Molecular Evolution: Towards the Origin of Metazoa

Molecular Evolution: Towards the Origin of Metazoa

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by Werner E.G. Muller
     
 

Recently, new genes and their proteins that revealed striking new insights into the early evolution of multicellular animals have been identified and characterized from members of the lowest metazoan phylum, the porifera (sponges). The unexpected result was that the sequences obtained from sponge displayed high similarity to those found in higher metazoa; in

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Overview

Recently, new genes and their proteins that revealed striking new insights into the early evolution of multicellular animals have been identified and characterized from members of the lowest metazoan phylum, the porifera (sponges). The unexpected result was that the sequences obtained from sponge displayed high similarity to those found in higher metazoa; in consequence, it was concluded that during the transition from protozoa to metazoa the major structural and regulatory proteins evolved only once. The data gathered are now powerful arguments to establish monophyly of metazoa; in addition, new insights on the evolutionary diversification of metazoa were obtained.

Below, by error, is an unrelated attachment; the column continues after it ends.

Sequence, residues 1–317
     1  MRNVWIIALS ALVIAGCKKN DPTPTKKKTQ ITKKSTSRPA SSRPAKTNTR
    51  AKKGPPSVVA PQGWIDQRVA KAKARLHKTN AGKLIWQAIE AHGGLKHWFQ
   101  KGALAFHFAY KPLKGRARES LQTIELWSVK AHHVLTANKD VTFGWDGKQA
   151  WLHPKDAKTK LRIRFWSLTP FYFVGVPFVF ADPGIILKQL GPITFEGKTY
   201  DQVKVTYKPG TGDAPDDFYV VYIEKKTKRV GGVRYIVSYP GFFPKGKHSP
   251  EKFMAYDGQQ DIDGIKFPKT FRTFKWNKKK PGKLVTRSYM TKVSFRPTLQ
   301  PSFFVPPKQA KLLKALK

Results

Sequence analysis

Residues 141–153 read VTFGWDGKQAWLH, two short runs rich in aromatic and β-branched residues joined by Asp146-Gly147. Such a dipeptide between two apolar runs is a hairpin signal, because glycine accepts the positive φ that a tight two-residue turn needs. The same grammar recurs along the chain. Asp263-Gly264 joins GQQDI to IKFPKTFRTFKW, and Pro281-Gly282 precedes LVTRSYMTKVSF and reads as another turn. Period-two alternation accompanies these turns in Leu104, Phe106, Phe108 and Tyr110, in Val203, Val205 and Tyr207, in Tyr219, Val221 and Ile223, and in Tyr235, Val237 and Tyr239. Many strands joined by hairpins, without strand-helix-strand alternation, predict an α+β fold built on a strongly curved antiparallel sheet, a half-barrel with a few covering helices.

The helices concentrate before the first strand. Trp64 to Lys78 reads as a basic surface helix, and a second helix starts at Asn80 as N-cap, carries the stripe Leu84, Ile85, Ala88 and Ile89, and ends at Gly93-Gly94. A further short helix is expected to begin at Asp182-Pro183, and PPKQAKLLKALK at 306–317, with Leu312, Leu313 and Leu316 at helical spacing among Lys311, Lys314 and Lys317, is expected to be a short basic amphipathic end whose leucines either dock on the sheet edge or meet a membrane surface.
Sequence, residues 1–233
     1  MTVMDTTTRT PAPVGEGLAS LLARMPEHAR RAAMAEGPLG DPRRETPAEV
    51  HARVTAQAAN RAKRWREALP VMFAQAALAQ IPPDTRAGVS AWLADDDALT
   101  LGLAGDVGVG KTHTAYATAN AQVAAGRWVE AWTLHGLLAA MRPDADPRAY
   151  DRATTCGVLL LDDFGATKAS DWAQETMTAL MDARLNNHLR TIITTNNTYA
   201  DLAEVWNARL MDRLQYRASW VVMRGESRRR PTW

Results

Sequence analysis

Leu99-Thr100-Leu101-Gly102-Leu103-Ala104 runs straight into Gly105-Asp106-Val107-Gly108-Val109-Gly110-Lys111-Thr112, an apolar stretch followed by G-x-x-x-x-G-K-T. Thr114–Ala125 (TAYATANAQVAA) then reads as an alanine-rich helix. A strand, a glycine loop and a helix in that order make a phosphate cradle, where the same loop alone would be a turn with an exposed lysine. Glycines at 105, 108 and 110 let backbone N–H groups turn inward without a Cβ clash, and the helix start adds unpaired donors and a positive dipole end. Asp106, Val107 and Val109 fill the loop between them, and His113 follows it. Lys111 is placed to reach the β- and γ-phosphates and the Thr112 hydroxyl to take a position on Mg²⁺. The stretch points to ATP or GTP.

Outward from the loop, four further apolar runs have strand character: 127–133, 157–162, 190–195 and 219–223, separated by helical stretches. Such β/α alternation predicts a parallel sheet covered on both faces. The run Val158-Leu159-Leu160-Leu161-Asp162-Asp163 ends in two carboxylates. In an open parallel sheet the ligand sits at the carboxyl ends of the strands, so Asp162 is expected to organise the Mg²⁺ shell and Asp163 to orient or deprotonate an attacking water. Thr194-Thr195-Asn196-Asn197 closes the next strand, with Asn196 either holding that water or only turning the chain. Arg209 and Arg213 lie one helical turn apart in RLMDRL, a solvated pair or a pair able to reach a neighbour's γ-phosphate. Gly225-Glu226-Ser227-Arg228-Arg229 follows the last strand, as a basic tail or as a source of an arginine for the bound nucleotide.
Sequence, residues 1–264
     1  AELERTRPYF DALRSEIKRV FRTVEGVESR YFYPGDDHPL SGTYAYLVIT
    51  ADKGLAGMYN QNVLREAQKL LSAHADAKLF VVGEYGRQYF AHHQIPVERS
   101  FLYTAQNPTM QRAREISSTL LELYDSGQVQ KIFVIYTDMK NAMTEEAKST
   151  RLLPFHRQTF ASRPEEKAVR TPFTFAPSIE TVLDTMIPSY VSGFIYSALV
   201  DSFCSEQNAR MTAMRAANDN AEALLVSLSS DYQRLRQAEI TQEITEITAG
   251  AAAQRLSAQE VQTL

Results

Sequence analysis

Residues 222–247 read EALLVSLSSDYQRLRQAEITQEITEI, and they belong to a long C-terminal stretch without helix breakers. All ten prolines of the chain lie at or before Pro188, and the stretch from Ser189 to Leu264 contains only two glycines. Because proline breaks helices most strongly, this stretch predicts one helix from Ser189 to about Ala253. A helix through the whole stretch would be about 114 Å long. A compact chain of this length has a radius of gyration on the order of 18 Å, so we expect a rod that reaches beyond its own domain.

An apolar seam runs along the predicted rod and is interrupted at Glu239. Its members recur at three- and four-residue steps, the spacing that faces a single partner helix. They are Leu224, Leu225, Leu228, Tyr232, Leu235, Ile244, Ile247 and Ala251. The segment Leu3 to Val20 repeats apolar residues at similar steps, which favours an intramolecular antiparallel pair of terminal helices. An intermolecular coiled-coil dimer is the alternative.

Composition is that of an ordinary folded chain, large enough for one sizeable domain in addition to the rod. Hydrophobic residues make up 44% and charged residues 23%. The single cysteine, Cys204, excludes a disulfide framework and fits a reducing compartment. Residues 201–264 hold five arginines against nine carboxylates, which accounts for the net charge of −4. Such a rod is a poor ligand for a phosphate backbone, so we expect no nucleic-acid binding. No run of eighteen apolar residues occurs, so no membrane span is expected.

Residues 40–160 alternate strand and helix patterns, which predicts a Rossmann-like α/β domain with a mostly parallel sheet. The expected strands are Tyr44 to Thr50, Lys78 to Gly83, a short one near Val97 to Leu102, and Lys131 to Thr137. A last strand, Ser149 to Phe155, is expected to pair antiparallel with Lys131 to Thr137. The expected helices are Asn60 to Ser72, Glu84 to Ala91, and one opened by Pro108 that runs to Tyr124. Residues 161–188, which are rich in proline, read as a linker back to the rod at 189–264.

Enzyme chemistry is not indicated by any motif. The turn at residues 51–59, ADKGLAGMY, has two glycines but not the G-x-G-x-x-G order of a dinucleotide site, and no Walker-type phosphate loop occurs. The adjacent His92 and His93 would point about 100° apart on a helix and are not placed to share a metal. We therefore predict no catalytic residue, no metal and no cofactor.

Editorial Reviews

Doody's Review Service
Reviewer: Michael Cummings, PhD (University of Illinois at Chicago)
Description: The methods developed and used in genome projects are now being applied to other fields, including evolution. The fossil record from ancient events such as the origin of metazoans (animals that pass through embryonic stages of development) is scarce and its interpretation has been controversial. This edited volume is a summary of the molecular evidence gathered by cloning and sequencing genes from a wide range of metazoans and the application of this information to the construction of a phylogeny for metazoan origins. The conclusions reached by analyzing and comparing these nucleotide and amino acid sequences are discussed, and the origins of multicellularity are explored as well.
Purpose: The purpose is to provide a summary of the molecular evidence for the true origins and physiology of metazoa.
Audience: Specialists and beginners as well as others in the field will be interested in this book.
Features: Eight articles are presented, each by a leading authority in the field. As an introduction to the problem, the first chapter is a summary of the origins of metazoans based on the fossil record. In a subsequent chapter the evolution of metazoans based on phenotype is covered. Other contributors discuss the use of nucleotide and amino acid sequencing to determine the phylogenetic status and origins of lower metazoans, and the use of sponges as a model system to study cell differentiation and the origins of multicellular organisms. In one outstanding chapter, Ohno synthesizes the evidence for the genomic events that separated the vertebrates from the invertebrates. This is an important contribution to the field. Without exception, the articles are up-to-date, and most include references from the year of publication. In a few articles, the references are not as inclusive as they might be, but this is a minor problem.